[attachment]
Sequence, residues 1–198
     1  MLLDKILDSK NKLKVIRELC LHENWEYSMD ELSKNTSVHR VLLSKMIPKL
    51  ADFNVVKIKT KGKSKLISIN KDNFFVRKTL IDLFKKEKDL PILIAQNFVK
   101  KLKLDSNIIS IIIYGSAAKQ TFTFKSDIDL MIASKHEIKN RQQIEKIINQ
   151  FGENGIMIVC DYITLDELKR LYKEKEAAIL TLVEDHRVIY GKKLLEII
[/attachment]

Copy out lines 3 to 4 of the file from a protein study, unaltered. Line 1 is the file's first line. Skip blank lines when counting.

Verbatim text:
    51  ADFNVVKIKT KGKSKLISIN KDNFFVRKTL IDLFKKEKDL PILIAQNFVK
   101  KLKLDSNIIS IIIYGSAAKQ TFTFKSDIDL MIASKHEIKN RQQIEKIINQ